DMV :1 Vulnhub Walkthrough

CTF’s are one of the best and probably the fun way to get hands-on pen testing experience. This one, in particular, is a great CTF from Vulnhub which uses aspects of web penetration testing like file upload attacks. We get a chance to capture the requests being made from the web application and exploiting them to get into our victim machine.

It is of intermediate level difficulty, so there could be a few places where you could be stuck and the next step in the process won’t come naturally and will require a bit of manual searching.

You can download the this CTF from here.

So, let’s get you started!!

Reconnaissance

To find the victim machine which has the CTF lab running on, we can start with using

We have deduced in the previous step, that the victim IP is 192.168.1.105

Let’s start with scanning the IP and see what we could be found. An Aggressive(A) nmap scan can help us get an idea of what all the ports and services running on the CTF machine.

Enumeration

In the previous step, we saw that Port 80 is open and running an Apache server. To enumerate, let us open the web browser, and enter the IP of the victim machine in the URL section and see what we can find.

Well, now in the image below we are going to see something interesting. So here we see that this web application can be used to convert YouTube videos to MP3 format. Let’s see what is under the hood. Burpsuite is the tool of choice here, so let’s start burp proxy.

We are now ready to capture the requests coming from this web application for analysis. After pasting a random YouTube URL in the test box, we hit the convert button. Click on the intercept, and turn it on.

To see the response we will release this request.

We seem to be getting an error, that is curious, let’s try to find out what this error means and what it leads us to. We copy and error and paste it in google to see what results in we get for it.

Here we get a Github link. On examining the Github link, we come across options on what command handles can be accepted by this web application.

Exploitation

There’s an option here that can be used in the web application to run a command

We will now do the request capture again and modify an argument that is captured. Using the “–exec’” option to run a command to see what files we can find.

As a result, we can see index.php and its permissions for the present user.

The next step is to make a shell file with Python. Feel free to pick your favourite Python reverse shellcode, just be sure to change the IP and the port of the shell to your attacking machine as we have done below.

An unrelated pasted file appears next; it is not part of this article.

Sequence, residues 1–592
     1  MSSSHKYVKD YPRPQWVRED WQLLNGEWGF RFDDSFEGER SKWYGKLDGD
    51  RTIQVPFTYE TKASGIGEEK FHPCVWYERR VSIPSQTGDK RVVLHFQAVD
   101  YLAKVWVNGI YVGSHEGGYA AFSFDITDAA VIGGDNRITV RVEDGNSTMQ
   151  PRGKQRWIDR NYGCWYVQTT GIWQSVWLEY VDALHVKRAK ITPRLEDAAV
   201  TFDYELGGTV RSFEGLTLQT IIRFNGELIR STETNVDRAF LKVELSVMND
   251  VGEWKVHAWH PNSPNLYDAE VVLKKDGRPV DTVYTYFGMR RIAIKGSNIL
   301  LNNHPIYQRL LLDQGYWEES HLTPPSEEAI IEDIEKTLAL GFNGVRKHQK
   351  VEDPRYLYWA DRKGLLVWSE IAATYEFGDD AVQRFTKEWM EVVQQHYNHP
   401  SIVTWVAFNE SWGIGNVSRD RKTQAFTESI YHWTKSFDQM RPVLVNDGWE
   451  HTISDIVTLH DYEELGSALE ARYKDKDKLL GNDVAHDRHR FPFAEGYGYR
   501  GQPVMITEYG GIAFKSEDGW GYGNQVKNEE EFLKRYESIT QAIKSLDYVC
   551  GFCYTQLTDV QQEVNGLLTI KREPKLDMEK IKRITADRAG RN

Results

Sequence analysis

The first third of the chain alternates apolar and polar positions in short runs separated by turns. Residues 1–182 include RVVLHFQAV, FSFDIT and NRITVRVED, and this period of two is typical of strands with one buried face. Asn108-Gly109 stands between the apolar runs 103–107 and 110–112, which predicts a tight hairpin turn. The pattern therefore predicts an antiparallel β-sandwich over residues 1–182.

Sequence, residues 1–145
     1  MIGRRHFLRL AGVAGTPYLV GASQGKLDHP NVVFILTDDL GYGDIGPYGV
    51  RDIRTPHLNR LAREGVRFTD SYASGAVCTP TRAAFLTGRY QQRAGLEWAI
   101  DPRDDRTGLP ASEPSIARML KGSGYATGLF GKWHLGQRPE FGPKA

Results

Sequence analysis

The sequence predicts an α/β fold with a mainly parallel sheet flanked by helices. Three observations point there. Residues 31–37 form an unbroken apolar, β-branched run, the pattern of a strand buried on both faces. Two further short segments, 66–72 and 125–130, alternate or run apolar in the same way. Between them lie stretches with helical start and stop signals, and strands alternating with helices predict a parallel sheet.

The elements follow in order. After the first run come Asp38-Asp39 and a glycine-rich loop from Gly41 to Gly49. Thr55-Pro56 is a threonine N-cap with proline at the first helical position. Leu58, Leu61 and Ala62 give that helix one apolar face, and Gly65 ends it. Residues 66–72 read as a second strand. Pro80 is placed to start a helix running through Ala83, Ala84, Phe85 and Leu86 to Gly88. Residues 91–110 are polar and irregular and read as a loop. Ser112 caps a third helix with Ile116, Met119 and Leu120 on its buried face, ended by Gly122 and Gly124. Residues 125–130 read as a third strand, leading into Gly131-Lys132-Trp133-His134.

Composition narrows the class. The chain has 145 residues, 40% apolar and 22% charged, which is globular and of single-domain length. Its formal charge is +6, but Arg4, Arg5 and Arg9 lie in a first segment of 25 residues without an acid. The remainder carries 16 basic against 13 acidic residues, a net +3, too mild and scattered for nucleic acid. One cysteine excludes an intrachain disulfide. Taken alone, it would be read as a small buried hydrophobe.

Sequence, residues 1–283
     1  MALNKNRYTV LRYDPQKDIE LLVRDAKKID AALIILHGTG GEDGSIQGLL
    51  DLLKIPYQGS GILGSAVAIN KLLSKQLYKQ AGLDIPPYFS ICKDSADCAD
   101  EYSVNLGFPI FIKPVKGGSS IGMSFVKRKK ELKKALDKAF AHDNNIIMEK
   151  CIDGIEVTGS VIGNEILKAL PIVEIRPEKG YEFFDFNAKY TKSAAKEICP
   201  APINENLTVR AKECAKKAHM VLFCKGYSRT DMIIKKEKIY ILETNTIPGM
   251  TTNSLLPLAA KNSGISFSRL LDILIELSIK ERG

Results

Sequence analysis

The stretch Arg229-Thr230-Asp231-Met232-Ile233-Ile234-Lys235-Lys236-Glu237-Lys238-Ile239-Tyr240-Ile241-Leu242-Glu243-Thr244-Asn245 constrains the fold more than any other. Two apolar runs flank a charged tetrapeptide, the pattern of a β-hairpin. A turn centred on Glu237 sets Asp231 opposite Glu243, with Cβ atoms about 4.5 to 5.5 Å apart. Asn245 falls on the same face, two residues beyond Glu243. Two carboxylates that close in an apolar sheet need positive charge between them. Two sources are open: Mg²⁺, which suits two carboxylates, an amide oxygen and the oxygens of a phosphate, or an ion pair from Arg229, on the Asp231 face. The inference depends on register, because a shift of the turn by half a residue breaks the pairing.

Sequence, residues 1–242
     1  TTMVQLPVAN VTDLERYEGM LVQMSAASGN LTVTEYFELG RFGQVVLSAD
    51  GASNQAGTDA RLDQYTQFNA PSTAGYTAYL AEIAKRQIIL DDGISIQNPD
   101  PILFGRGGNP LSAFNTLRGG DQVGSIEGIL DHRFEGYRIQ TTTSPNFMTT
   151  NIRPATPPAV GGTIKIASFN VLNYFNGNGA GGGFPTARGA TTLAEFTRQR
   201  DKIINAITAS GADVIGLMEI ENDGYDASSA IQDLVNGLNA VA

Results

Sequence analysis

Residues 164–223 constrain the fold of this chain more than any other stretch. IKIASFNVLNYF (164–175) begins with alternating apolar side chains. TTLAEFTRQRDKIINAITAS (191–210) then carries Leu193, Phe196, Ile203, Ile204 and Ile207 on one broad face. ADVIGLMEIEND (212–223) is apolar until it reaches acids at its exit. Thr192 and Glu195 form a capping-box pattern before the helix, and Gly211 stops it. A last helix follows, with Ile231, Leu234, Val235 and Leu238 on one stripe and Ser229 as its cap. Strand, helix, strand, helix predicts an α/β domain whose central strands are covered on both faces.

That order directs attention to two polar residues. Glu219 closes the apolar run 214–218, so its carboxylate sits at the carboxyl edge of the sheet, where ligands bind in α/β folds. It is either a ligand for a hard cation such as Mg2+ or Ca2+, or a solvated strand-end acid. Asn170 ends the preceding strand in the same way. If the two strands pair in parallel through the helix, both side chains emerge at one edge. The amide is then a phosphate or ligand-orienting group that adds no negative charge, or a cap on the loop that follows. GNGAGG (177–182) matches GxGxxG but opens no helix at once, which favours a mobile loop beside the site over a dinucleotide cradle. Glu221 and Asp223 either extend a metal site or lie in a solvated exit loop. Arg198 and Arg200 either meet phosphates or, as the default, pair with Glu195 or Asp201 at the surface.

Our file is made, and we have turned on the python server on our attacking machine to host the shell file that we just made.

In Burpsuite we can do a request capture again and modify it for the victim machine to upload our shell file using the same command that we used last time to run a query on the victim machine, coupled with wget.

The operation is successful, our Python shell file has been successfully uploaded to the victim machine.

To validate what we have done, we use the ls -la command.

Our shell file is in the victim system ready and waiting to be executed, so let’s go ahead and get it going.

Our Netcat listener is ready and waiting for the reverse shell to call back to the attacking machine. We have a shell! Let’s explore the directories. We come across a directory named “admin”, lets shift to it and look inside. We can see that there is a file named “flag.txt” here, on opening it we get our first flag. The next thing to do will be to find files which are writeable and will take our input so that we can get to a state of higher privilege.

Privilege Escalation

We find a directory named “tmp” that we can write to. On digging into “tmp” and listing all hidden files, we find that there is a shell file named “clean.sh”, we can now write our shellcode to this file and use it to get a shell with higher privileges. Using echo, we put our shellcode into the file.

Now switch on Netcat listener and wait. This step requires a bit of patience as it can take up to a minute for the shell to call back to the attacking machine.

Success! We’re in!

On exploring the root directory, we find a file named “root.txt”, we open it to find the final flag. This ends out a walkthrough of DMV:1. As always, we at hacking articles will try to get you latest and greatest in the sphere of infosec. Have fun and stay ethical.

Author: Jeenali Kothari is a Digital Forensics enthusiast and enjoys technical content writing. You can reach her on Here

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